Local News

Concilio celebrates college-bound scholarship recipients

By From page A1 | October 17, 2013


Rick Gonzales, Concilio executive director. Courtesy photo

Join the party

What: Mexican American Concilio of Yolo County’s Recognition Dinner/Dance and Scholarship Fundraiser

When: Saturday: 5:30 p.m. dinner, 7 p.m. awards, 9 p.m. raffle/dance

Where: Waite Hall, Yolo County Fairgrounds, Woodland

Tickets: $30, available at the door or by calling 530-758-2331

Celebrate today’s college-bound high school teens, and give their future plans a boost with a scholarship.

And recognize community leaders — past and present — whose work has promoted achievement in the community.

That’s the tried-and-true strategy for the annual Recognition Dinner/Dance and Scholarship Fundraiser, organized by the Mexican American Concilio of Yolo County. The dinner/dance on Saturday will mark the 29th year for what is now a local tradition.

It all happens — year after year — through the resourceful efforts of organizer Rick Gonzales Jr., who works for months to solicit donations, arrange advertisements in the program, sell tickets, identify the most worthy recipients for the scholarships, solicit media coverage, recruit people to help on the night of the event itself, and more. It’s a project that becomes more than a full-time job during portions of the year.

But when you visit with Gonzales, whose father was a co-founder of the Concilio, he always wants to talk about the high school seniors receiving scholarships, who come from schools in Davis, Woodland, Winters, West Sacramento and Esparto.

“They are our future!” Gonzales declares with enthusiasm.  “The students are the highlight of the evening, as they give short biographies about their lives and dreams.”

Gonzales mentioned two scholarship recipients from Davis who will be featured on Saturday.

“Adriana Jimenez has been in the United States for 2 1/2 years. She is from (the Mexican state of) Jalisco. She would like to continue her studies as a college student at Sacramento State, majoring in criminal justice. Her ultimate goal is to become an FBI agent,” he says.

“She is now a senior at Davis High, and she tells me her teachers are very supportive. She has a 3.5 GPA (grade-point average), and every day, she goes to Davis High’s Academic Center, where she works with student tutors from UC Davis to improve her skills. Adriana’s mother is very supportive and encourages her.”

He continued, “Marco Gomez is also a senior at Davis High. He would like to become an electrical engineer, and attend Cal Poly San Luis Obispo or UC Davis, or UC Berkeley. He has a 4.2 GPA. He would like to become a computer hardware designer for Intel or AMD (Advance Micro Devices).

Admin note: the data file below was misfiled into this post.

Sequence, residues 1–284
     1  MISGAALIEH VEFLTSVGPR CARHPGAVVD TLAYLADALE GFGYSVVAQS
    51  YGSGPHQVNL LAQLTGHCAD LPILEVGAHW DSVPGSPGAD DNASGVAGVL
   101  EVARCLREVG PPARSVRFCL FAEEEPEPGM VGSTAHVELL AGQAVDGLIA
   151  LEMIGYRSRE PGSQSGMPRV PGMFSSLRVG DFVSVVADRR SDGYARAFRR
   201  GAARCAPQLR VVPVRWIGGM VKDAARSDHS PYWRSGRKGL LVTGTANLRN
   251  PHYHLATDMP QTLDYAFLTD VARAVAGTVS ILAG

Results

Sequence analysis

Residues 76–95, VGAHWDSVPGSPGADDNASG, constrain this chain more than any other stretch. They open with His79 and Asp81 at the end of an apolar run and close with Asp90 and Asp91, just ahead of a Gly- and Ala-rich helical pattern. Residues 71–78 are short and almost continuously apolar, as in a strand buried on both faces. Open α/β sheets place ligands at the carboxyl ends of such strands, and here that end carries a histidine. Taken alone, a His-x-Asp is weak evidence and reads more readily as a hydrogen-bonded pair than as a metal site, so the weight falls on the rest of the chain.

“Marco has been an assistant at the Explorit Science Center, helping kids with lab activities. This past summer, he was in the physics engineering camp at UC Davis, helping seventh- and eighth-grade students with the lab projects,” Gonzales added.

Gonzales also likes to emphasize the breadth of the community support for Concilio’s scholarship program.

“This year, we have 120 sponsors, even though many people and companies are still in a tight economic situation. Our 51 sponsors from Davis lead the way. We also have 39 sponsors from Woodland, and 30 more from elsewhere in the county.

“Concilio would like to thank each and every sponsor for their contribution to our scholarship program.”

Gonzales singled out DeLuna Jewelers of Davis as a business that has given significant support to Concilio’s scholarship efforts over many years.

“Our goal for this year is to award 55 scholarships to Yolo County students planning to attend college,” he said. “We serve 14 high schools and continuation schools, as well as Woodland Community College.”

Last year, six students at Davis High School received scholarships, plus four students at King High, and three at Da Vinci Charter Academy, Gonzales said.

“In addition, we will honor 10 adults for what they’ve done to improve live in Yolo County,” he said.

The honorees from Davis are:

* Educator Marlene Bell, who taught for many years locally at North Davis Elementary and Pioneer Elementary schools, and served a mentor to beginning teachers. She was elected president of the Davis Teachers Association, and served as a regional leader in the California Teachers Association.

“Her passion for public education is proven through decades,” Gonzales said. “We will recognize her with our Education Award.”

* Davis police Chief Landy Black, who will receive the Board of Directors Award. “Landy did a lot to clean up Picnic Day after the fiasco several years ago, soliciting help from surrounding agencies,” Gonzales said. “And there have been far fewer racial incidents (relating to the Davis Police Department) than before his watch. Landy sees the relevance of hiring bicultural officers to relate to the community.”

* Activist G. Richard Yamagata, who is affiliated with the Davis Progressive Business Exchange and the Davis Community Network, among other groups. “He helps the community in so many ways, we will recognize him with our Board of Directors Award,” Gonzales said.

“We will also give memorial scholarships named after three individuals who have passed on, and are still helping students,” Gonzales said. “The families of Mel Trujillo, Mary Lou Hernandez and Jerry Kaneko have continued their legacy by creating memorial scholarships in their names, helping students further their education. All three of them were also recognized by Concilio for their efforts while they were alive.”

Since the Concilio started giving scholarships in 1998, more than 630 scholarships have been awarded to local students, Gonzales said, representing “more scholarships than any other organization in Yolo County.”

— Reach Jeff Hudson at [email protected] or 530-747-8055. Follow him on Twitter at @JeffHudsonDE

Jeff Hudson

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